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Mood boards displaying photographs of Marcello Mastroianni, Alain Delon, Jude Law and the young French actor Louis Garrel stand out against the frescoed vaults and wood-paneled walls of the Sala Giammetti in the 16th-century Palazzo Mignanelli. It is here, at Valentino’s headquarters in Rome, that Maria Grazia Chiuri and Pierpaolo Piccioli — close friends who share the title of creative director for the storied fashion brand — have set out to establish a fresh image for the Valentino man.
This story first appeared in the January 16, 2012 issue of WWD. Subscribe Today.
“We love Mastroianni’s effortless approach and attitude,” says Chiuri, wearing a little black dress, her black hair in a sleek chignon.
Piccioli, in a white shirt and slim-cut denim jeans rolled up at the ankles, nods in agreement — a gesture each designer tends to make when the other speaks. The longtime collaborators, who share Valentino Garavani’s former office, seem to work in a kind of perfect symmetry, their desks facing each other. If they ever disagree, it’s not evident today.
Yet the pressure is on. In mid-January, Chiuri and Piccioli are staging their first men’s runway show, as the guest designers at the Pitti Uomo trade show in Florence. The event, to showcase the fall-winter 2012-13 Valentino collection, will take place at another 16th-century palace, Palazzo Corsini, whose Baroque style stands out in the Renaissance capital. “The Baroque element represents a connection with Rome,” says Piccioli, noting that the show will extend throughout several of the palace’s “intimate rooms” to fulfill the “need to see the clothes up close, as in a couture show.”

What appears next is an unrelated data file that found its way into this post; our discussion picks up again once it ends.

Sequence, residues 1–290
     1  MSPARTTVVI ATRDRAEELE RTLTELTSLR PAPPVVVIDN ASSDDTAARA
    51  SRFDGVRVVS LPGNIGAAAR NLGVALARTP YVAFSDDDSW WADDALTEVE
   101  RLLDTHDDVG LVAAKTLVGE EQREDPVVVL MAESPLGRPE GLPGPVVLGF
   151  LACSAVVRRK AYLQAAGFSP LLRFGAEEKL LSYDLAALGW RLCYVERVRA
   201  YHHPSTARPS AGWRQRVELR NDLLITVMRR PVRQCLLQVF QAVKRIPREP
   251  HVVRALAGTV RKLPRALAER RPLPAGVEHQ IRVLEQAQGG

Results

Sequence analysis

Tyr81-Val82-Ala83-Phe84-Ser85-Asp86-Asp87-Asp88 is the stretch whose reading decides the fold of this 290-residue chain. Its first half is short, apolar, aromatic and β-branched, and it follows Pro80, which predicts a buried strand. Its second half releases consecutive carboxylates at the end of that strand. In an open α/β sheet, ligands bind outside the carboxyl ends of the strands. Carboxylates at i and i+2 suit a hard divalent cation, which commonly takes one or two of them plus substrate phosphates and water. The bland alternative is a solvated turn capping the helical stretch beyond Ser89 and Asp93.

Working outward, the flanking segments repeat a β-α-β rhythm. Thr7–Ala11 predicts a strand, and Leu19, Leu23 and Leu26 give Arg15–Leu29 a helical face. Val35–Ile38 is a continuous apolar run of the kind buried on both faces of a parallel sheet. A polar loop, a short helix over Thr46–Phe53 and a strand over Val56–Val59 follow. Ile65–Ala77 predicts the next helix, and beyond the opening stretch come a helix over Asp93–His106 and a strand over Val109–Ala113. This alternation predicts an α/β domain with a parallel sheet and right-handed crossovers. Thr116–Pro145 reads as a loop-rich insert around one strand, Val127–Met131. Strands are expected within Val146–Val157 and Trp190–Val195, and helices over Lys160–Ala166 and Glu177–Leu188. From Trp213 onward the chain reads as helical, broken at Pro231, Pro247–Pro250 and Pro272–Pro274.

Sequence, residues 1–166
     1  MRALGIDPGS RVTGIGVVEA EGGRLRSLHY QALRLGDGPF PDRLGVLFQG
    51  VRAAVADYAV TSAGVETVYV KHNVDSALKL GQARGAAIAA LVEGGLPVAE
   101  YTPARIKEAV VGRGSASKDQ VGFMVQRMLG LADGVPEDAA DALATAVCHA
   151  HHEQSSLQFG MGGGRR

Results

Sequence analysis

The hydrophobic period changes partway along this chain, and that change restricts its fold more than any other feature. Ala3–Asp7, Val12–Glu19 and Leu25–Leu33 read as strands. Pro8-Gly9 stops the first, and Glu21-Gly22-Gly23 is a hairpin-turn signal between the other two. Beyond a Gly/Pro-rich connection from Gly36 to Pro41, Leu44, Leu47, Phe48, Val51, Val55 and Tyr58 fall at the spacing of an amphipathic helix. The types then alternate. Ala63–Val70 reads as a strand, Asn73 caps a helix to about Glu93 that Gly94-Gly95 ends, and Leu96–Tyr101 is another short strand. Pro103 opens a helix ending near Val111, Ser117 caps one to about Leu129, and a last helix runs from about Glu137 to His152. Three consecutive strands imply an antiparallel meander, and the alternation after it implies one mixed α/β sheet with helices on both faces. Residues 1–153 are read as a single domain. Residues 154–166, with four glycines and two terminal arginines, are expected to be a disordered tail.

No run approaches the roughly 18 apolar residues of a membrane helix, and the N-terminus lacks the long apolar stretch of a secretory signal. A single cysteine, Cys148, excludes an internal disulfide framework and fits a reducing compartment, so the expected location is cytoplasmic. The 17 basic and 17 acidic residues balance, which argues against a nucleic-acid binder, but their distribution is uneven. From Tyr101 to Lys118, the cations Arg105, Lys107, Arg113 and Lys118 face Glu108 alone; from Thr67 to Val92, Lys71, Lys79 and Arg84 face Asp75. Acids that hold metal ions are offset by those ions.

“The atmosphere is very important,” Chiuri concurs. “We don’t want a showy spectacle. It’s more whispered.”
Chiuri and Piccioli had been at the company for more than a decade when they stepped into their current role after Garavani retired in 2008. Since then, they have succeeded in refreshing the storied brand as they took steps to evolve the Valentino woman. In men’s, however, they have started with a clean slate.
As Piccioli tells it, the men’s image reflected the style of the legendary designer himself — “his lifestyle and the artists he surrounded himself with” — a look that reached its peak in the Eighties. Today “contemporary” and “sportswear” are watchwords for the new collection, though the designers continue to draw from Valentino’s “couture culture,” Piccioli explains.
The new image is more understated than what preceded it, according to Chiuri. “This is not a man that wants to show off, as function and fit stem from a love for sartorial and couture details,” she says. “The ideal lineup comprises restudied classics.”
Chiuri points, for example, to a double mohair and cashmere coat from the upcoming collection. “See, this cashmere is not show-off,” she says. “The blue is not shiny. It’s more subdued, almost vintage. We like elements that make pieces less transitory or of the moment, and more timeless.”
A Driver coat has been updated with a cropped, contemporary silhouette. But although the fit is slim, it is not constricting. Volumes are “more efficacious,” Chiuri says. “Our reference man is modern-classic. This